Telephone Demand over the Atlantic: Evidence from Country-Pair Data
International calls include consumption and financial externalities. Theoretical analysis predicts that the volume of outbound and inbound calls is a function of originating-country price ("own-price") and terminating-country price ("cross-price"). Analysis of annual data for minutes of calling between the U.S. and seventeen West European countries from 1979 to 1986 reveals negative own-price effects in both directions, with inbound calls more elastic. Cross-price effects are generally not statistically significant. The findings are consistent with arbitrage and call-externality motivation that cancel each other. Level of GDP, number of telephones, and telex prices are statistically significant. Copyright 1992 by Blackwell Publishing Ltd.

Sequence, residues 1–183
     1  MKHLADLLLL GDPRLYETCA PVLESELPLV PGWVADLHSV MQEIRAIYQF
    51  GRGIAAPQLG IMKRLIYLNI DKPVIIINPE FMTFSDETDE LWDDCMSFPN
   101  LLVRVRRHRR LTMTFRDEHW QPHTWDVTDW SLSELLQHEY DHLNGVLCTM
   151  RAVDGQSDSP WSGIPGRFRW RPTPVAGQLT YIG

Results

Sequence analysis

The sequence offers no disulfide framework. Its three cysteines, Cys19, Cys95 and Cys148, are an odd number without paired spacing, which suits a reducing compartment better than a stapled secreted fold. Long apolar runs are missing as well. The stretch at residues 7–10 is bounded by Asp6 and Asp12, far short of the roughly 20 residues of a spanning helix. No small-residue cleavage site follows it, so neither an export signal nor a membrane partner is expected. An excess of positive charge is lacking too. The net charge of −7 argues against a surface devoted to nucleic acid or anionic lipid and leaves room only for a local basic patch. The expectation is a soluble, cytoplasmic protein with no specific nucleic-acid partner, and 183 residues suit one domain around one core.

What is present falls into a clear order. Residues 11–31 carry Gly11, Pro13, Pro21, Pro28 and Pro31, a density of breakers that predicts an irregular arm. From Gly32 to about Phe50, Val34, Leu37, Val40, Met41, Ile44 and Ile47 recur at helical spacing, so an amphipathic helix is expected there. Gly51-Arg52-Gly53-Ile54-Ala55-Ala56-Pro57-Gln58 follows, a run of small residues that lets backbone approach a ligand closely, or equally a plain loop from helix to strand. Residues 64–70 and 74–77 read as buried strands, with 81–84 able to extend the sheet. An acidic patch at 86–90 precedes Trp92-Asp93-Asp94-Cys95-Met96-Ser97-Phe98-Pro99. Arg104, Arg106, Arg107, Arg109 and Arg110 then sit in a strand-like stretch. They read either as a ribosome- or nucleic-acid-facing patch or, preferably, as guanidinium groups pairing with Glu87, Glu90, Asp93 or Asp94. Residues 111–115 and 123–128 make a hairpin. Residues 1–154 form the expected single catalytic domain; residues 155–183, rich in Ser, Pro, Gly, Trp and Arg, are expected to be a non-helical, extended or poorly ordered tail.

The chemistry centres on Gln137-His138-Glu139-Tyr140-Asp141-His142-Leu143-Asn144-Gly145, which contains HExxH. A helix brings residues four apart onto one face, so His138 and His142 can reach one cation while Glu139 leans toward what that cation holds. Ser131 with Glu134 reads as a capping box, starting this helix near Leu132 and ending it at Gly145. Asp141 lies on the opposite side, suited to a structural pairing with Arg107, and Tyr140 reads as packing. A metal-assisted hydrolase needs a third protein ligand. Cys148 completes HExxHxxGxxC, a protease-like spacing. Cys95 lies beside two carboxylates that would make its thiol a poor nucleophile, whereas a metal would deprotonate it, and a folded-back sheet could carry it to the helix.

If you experience problems downloading a file, check if you have the proper application to view it first. In case of further problems read the IDEAS help page. Note that these files are not on the IDEAS site. Please be patient as the files may be large.
As the access to this document is restricted, you may want to look for a different version under "Related research" (further below) or search for a different version of it.
Volume (Year): 40 (1992)
Issue (Month): 3 (September)
|Contact details of provider:|| Web page: http://www.blackwellpublishing.com/journal.asp?ref=0022-1821|
|Order Information:||Web: http://www.blackwellpublishing.com/subs.asp?ref=0022-1821|
When requesting a correction, please mention this item's handle: RePEc:bla:jindec:v:40:y:1992:i:3:p:305-23. See general information about how to correct material in RePEc.
For technical questions regarding this item, or to correct its authors, title, abstract, bibliographic or download information, contact: (Wiley-Blackwell Digital Licensing)or (Christopher F. Baum)
If references are entirely missing, you can add them using this form.